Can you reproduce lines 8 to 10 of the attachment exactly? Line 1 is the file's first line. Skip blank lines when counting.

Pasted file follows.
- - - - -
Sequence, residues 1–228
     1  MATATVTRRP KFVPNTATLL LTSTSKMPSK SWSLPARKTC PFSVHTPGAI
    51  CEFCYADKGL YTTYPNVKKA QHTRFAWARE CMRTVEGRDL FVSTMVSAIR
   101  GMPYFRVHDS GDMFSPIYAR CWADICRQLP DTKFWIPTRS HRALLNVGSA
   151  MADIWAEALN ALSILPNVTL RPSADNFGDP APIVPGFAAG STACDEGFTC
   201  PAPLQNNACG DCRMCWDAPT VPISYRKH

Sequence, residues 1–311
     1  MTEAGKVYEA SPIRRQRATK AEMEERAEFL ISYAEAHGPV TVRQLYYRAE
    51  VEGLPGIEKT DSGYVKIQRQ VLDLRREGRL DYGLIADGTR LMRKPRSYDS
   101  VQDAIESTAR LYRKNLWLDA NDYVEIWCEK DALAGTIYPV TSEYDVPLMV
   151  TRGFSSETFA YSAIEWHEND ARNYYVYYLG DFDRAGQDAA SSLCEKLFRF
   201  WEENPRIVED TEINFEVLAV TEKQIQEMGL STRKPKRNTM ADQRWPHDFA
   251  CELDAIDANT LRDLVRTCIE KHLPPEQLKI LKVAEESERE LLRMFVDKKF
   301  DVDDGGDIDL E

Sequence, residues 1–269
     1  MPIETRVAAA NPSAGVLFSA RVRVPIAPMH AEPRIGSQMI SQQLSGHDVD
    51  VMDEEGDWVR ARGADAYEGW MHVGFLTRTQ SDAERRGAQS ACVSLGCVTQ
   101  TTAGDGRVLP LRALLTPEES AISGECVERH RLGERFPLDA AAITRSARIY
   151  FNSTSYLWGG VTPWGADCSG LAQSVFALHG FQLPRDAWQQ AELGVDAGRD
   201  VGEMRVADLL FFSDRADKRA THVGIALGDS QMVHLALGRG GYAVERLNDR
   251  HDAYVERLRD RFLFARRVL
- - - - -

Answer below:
     1  MTEAGKVYEA SPIRRQRATK AEMEERAEFL ISYAEAHGPV TVRQLYYRAE
    51  VEGLPGIEKT DSGYVKIQRQ VLDLRREGRL DYGLIADGTR LMRKPRSYDS
   101  VQDAIESTAR LYRKNLWLDA NDYVEIWCEK DALAGTIYPV TSEYDVPLMV